Our State: Celebrating North Carolina July 2021

Through compelling narrative stories and jaw-dropping photography, Our State magazine celebrates everything that makes our state great! Each month, we reflect the beauty of North Carolina, tell the stories of its amazing people and its remarkable history, and suggest wonderful places to visit. We are unabashedly in love with the Tar Heel State, and every page is designed to be an inspiring tribute to where we live.

Pays:
United States
Langue:
English
Éditeur:
Mann Media
Fréquence:
Monthly
2,64 $ CA(TVA Incluse)
26,54 $ CA(TVA Incluse)
12 Numéros

dans ce numéro

1 min
adventures with toad & wee

Author Drew Perry has long chronicled his adventures exploring the sights and sounds (and sometimes flavors) of North Carolina with his two young sons — known affectionately in the Perry household as The Toad and The Wee. They’ve listened for echoes near the Nantahala River, driven to the state border for a burger, and camped in their own backyard. With the boys’ help, Drew discovers the best parts of our state all over again, as if for the first time. And now you can, too! Find the entire series at ourstate.com/toadandwee.…

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2 min
easy does it

Nowadays, you can get a hot dog loaded with whatever you want: pimento cheese, bacon bits, jalapeño peppers, sauerkraut, barbecue (I’ve seen it), ketchup (if you must). For me, though, the one and only way to eat a hot dog is all the way — mustard, chili, slaw, and onions — exactly the way my dad made them. We always had a package of hot dogs in the refrigerator: Bryan’s Juicy Jumbos that my dad bought whole-sale to serve in his sandwich shop in Asheboro. At the restaurant, he grilled hot dogs on the flattop, but at home, for an easy summer lunch for just the two of us, he boiled them, two or three minutes in a saucepan. To fire up the charcoal grill would’ve taken way too long, and…

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2 min
roads scholar

1 One of the first “superhighways” in North Carolina — connecting the Virginia and South Carolina state lines — goes by which number? ○ A. 40 ○ B. 26 ○ C. 85 2 Interstates cover more than 1,300 miles of paved roads in our state. Which government agency is responsible for keeping all of this pavement in good condition? ○ A. NC Department of Transportation ○ B. NC Division of Road Maintenance ○ C. NC Department of Roadways 3 A section of I-40, from the Pender/New Hanover county line to the road’s eastern terminus, is named for which famous basketball star who grew up in Wilmington? ○ A. Kareem Abdul-Jabbar ○ B. Michael Jordan ○ C. Bill Russell 4 I-74 traverses three areas of our state, including Laurinburg, the Piedmont Triad, and Mount Airy. Which mountain can drivers see as they travel…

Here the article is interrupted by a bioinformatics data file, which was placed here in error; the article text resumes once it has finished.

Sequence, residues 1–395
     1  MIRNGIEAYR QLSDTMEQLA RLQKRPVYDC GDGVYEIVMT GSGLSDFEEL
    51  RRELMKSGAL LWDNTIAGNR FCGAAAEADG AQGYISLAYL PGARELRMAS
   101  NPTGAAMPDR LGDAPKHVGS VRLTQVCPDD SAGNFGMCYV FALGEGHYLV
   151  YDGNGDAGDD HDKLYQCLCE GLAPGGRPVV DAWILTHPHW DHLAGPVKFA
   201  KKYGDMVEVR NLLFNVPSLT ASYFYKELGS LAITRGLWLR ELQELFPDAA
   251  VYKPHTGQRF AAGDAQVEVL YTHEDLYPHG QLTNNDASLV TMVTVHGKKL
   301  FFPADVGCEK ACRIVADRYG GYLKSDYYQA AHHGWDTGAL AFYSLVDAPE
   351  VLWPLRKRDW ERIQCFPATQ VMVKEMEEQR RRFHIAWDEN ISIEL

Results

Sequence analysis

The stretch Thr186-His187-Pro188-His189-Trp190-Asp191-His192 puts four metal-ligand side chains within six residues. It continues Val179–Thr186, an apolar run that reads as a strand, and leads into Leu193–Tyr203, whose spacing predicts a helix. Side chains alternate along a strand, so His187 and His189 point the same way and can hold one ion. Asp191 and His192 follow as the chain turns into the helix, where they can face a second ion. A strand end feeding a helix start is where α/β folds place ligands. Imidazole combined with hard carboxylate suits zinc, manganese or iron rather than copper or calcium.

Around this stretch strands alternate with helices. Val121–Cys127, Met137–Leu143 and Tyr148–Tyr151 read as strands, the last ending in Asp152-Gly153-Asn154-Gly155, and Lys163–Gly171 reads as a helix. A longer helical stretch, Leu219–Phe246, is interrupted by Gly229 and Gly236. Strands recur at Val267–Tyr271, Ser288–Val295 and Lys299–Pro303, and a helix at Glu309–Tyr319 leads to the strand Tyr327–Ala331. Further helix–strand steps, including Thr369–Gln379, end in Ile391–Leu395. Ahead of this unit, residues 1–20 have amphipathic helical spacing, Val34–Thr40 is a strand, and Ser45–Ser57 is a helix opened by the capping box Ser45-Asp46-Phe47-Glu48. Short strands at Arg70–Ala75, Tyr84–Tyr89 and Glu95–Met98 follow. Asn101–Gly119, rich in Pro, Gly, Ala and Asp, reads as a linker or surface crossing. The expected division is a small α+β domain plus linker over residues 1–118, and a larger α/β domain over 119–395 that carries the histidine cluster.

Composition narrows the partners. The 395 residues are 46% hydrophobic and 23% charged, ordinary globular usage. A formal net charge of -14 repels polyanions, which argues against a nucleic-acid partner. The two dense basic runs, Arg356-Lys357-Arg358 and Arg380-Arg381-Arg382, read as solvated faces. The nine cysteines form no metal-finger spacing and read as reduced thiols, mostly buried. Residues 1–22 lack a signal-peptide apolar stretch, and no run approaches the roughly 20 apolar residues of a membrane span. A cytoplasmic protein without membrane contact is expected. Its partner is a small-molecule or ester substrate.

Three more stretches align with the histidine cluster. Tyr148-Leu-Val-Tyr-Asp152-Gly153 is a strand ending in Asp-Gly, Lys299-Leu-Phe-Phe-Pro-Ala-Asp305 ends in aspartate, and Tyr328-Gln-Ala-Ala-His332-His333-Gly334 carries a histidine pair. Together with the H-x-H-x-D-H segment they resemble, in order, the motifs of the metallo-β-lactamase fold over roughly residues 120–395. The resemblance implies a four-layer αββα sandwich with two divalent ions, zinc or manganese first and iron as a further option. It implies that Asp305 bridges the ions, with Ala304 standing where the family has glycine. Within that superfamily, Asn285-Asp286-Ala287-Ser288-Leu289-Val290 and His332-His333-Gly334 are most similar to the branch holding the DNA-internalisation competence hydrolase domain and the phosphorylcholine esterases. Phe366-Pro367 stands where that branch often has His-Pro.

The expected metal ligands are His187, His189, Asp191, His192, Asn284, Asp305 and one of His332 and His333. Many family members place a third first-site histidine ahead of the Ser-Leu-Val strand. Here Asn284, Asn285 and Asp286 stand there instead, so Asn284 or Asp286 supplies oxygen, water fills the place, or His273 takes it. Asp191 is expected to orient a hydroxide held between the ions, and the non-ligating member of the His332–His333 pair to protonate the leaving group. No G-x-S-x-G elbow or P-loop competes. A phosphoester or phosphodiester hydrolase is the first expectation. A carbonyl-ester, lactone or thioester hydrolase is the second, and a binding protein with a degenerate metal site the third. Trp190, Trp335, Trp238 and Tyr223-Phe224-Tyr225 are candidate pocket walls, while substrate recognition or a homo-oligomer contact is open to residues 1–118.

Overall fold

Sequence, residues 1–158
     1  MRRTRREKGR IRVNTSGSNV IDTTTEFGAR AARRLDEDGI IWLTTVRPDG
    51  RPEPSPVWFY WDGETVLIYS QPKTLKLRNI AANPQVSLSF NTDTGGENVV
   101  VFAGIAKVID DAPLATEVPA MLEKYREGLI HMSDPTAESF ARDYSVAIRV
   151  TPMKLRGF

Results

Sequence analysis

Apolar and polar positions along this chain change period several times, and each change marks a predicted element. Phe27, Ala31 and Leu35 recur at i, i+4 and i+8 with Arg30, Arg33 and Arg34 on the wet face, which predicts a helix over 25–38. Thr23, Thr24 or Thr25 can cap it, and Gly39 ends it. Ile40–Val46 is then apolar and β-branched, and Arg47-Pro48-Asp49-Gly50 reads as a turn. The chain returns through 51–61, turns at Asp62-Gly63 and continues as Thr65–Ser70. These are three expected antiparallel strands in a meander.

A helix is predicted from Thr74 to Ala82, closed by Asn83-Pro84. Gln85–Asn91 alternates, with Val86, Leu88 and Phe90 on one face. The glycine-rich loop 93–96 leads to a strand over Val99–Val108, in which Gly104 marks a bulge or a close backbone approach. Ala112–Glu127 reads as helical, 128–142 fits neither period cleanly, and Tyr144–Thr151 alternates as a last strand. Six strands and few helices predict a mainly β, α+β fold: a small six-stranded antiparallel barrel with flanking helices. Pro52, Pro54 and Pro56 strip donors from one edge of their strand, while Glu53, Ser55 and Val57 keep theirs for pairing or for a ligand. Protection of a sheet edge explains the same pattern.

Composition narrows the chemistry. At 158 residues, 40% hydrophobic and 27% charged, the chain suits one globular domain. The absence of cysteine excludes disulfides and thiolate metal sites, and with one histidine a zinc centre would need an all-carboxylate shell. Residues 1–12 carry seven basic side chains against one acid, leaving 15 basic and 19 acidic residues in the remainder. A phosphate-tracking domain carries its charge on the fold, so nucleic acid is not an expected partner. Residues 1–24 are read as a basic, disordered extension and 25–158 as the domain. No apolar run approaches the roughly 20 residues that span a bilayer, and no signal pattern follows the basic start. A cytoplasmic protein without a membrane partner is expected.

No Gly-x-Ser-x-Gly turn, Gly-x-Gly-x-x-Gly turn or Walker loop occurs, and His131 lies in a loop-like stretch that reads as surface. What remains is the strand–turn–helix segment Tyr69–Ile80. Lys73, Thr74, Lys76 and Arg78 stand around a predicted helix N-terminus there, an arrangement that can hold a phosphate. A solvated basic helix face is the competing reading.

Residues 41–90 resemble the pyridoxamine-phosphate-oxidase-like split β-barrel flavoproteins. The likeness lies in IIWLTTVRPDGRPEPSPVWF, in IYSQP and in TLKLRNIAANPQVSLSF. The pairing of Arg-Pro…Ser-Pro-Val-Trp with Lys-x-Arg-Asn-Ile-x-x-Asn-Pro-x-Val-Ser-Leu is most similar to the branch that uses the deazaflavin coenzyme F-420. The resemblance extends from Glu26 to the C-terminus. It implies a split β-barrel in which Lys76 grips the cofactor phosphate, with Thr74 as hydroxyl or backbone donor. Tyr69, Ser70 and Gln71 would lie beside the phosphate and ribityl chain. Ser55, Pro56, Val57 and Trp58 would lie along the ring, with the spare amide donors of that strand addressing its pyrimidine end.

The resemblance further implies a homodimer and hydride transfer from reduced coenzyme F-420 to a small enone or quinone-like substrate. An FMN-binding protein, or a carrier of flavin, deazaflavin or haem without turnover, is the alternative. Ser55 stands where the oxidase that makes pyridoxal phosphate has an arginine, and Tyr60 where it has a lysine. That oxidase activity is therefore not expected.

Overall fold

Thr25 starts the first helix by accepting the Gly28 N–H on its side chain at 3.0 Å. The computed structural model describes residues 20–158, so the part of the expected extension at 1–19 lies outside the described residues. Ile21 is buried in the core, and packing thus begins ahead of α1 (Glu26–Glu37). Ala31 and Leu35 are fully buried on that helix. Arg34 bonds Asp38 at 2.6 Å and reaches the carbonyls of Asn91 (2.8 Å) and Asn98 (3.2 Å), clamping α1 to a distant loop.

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1 min
a hoot for may

I TRULY ENJOYED the May ’21 issue. I love birds and have bird baths and feeders in my yard (“A Bird’s Eye View of North Carolina,” May, page 110). I especially liked seeing the barred owl (page 130) since I lived 24 years in the mountains north of Asheville, where I would see and hear them frequently. They are beautiful birds, and I miss them. Seeing the owls in the photo essay took me back to the good old days. Victoria QuinnHAMPSTEAD GRATEFUL for GRANT Ernest helped save my dad 20 years ago at the Jaycee Burn Center (“The Gentle Giant from Swannanoa,” May, page 144). That experience made me become a nurse. You rock, Ernest! Kelly LacyVIA INSTAGRAM Sowing MEMORIES WHEN I WAS GROWING UP, my parents had a small farm about three miles outside…

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1 min
view from here

Go With the Flow WRIGHTSVILLE BEACH In the summer, Johnnie Mercers Fishing Pier offers a view of happy vacationers digging their toes in the sand, listening to the waves crash, and completely surrendering to the carefree ways of the coast. Ocean-front cottages along the shore turn orange briefly as the sun descends over Wrightsville Beach. Parents give splashing children a final 10-minute warning before it’s time to dry off and head in for dinner. LAKE JOHNSON On the southwest side of Raleigh, a 150-acre lake provides a welcome respite from the rush of downtown. City dwellers looking for a green escape frequent the tranquil Lake Johnson Park to fish, kayak, canoe, hike, or relax in a waterfront hammock. If you happen to catch a sunset here on a clear night, you’ll soon see a…

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3 min
to-do list

watch fireworks Commemorate Independence Day with family and friends at fireworks celebrations across the state. FIREWORKS WITH THE DASH • WINSTON-SALEM JULY 3 Hang out at Truist Stadium — the Dash’s home field — and see fireworks illuminate the night sky. (336) 714-2287, wsdash.com. FIREWORKS EXTRAVAGANZA • BLOWING ROCK JULY 4 Spend the day at Tweetsie Railroad’s Wild West theme park, and after the park closes, experience a fireworks show from the parking lot. (800) 526-5740, tweetsie.com. FOURTH OF JULY CELEBRATION • NEW BERN JULY 4 Enjoy live music, games, and activities, then sit back for a fireworks display at Lawson Creek Park. (252) 639-2901, newbernnc.gov. Discover more spots to watch fireworks across North Carolina at ourstate.com/fireworkspots. meet HENDERSON COUNTY ARTISTS Colorful waterfalls and mountainsides emerge in front of Hendersonville artist Lorraine Cathey as she uses barbed needles to move wool…

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